Walt Disney Co. agreed Tuesday to release movies for viewing on pay-per-view television as soon as 15 days after their release on DVD.
The arrangement covers an unspecified number of films by Disney Pictures, Touchstone and Miramax and comes as part of a long-term content pact between Disney and Comcast Corp., the nation’s largest cable operator.
Until now, Disney has generally followed the industry practice of releasing movies to pay-per-view between 30 and 45 days after DVD release. Now all Disney theatrical releases, with the possible exception of animated films, will automatically go to Comcast in a 15-to-45-day window. Other cable operators are likely to get the same earlier access in the future, said one person familiar with the agreement.
The Comcast agreement follows Disney’s recent pact to offer movies over Apple Computer Inc.'s iTunes at the same time that it releases DVDs, signaling that Disney may be anticipating that the DVD cash cow soon will be supplanted by other means of reaching viewers.
“It’s yet another example of Disney remaining in the forefront of distribution over all platforms,” said analyst Laura Martin of Soleil/Media Metrics.
“This agreement continues to underscore collapsing windows” of availability, as each movie migrates more rapidly from one medium to the next, Martin said.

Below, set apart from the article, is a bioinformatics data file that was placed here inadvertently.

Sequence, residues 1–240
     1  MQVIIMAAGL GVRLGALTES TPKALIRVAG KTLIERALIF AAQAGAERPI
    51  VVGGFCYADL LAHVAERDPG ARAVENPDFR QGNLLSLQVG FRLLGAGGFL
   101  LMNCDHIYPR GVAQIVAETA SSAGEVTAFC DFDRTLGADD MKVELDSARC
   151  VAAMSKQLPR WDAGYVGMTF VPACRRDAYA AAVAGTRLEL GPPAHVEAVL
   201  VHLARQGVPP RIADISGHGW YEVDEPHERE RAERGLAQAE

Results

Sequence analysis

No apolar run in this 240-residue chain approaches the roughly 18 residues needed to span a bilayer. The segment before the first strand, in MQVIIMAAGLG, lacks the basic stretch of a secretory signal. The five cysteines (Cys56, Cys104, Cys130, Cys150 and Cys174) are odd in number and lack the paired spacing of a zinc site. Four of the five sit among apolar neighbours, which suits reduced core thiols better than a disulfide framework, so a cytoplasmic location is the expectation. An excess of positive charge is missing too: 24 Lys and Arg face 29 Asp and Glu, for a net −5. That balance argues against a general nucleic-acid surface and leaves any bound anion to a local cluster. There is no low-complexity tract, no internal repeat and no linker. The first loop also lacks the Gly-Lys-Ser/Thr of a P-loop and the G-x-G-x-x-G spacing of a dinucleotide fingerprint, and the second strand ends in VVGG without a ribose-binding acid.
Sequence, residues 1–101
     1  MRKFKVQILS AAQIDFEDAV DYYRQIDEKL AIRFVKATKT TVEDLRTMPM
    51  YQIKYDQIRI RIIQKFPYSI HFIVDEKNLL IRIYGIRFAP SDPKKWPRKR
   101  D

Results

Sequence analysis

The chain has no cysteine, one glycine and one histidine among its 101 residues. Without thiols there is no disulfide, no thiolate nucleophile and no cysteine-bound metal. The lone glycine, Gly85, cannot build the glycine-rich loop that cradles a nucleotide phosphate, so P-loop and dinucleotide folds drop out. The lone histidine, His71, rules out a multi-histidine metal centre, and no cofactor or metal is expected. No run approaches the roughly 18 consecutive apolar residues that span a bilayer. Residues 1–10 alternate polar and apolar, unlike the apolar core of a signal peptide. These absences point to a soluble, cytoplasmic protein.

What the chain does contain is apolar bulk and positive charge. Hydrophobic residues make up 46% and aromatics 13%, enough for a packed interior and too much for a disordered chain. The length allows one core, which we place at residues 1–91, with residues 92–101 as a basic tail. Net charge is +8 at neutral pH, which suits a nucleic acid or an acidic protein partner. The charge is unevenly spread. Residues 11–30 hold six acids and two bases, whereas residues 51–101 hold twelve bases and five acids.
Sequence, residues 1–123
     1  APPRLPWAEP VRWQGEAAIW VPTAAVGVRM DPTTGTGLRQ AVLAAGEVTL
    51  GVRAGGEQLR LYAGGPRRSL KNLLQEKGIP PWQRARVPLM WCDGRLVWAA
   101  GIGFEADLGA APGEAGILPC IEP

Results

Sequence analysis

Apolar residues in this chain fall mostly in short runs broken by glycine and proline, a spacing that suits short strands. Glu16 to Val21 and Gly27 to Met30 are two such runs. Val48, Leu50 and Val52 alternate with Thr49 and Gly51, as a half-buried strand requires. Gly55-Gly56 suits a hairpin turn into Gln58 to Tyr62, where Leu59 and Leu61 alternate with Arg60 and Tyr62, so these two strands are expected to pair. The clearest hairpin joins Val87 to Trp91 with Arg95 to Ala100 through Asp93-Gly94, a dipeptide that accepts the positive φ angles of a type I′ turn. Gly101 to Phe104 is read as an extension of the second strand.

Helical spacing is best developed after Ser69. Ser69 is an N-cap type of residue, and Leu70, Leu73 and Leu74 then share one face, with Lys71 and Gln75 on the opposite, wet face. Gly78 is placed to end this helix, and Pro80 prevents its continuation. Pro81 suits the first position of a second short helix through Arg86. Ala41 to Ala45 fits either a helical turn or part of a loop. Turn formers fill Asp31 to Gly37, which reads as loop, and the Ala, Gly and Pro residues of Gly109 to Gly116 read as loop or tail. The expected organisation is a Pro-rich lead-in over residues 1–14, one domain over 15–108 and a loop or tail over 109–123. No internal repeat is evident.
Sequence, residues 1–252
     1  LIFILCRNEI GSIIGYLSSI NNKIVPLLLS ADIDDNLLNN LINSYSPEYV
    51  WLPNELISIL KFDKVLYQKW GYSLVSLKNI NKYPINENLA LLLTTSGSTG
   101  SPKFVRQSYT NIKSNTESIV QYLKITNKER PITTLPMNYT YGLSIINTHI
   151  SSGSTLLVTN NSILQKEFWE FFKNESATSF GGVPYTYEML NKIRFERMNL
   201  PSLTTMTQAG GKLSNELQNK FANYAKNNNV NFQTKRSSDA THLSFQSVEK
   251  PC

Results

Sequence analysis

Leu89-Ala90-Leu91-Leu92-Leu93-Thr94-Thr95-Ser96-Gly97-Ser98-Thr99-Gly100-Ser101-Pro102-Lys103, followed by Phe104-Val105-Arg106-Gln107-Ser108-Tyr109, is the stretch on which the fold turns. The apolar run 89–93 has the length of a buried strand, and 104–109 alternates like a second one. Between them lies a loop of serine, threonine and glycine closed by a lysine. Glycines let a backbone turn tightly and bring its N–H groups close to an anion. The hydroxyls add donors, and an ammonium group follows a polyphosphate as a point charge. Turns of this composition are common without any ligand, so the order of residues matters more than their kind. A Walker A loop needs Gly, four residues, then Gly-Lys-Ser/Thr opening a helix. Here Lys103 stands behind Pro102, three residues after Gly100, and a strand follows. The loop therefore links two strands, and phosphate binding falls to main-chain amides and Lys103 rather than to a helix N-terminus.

The new movies could take as long as 45 days after DVD release to reach Comcast viewers for $3.99 a showing, a Comcast spokeswoman said. Older movies will be available for $2.99.
The Disney contract, which was years in the making and had been anticipated for weeks, also calls for the Burbank-based company to offer some of the ABC network’s prime-time hits and news shows for free on-demand viewing in cities where ABC owns stations in Comcast territory. Los Angeles is not one of those cities.
Some ESPN, Disney Channel and other Disney-controlled cable programming will also be offered for free viewing.
Comcast, which is based in Philadelphia, has a similar deal for NBC programs where the network owns stations. And a deal for CBS shows was expanded in September to reach all Comcast subscribers.
The prime-time ABC shows are “Desperate Housewives,” “Lost” and two new shows next fall. Disney already offers the first two programs for download via iTunes and online viewing at ABC.com.
Under the deal, Comcast will pay $1.23 billion for the 39.5% of E! Entertainment Television it doesn’t already own and about $1 billion a year for various Disney channels, as previously reported by The Times.
Disney shares rose 11 cents to $33.23.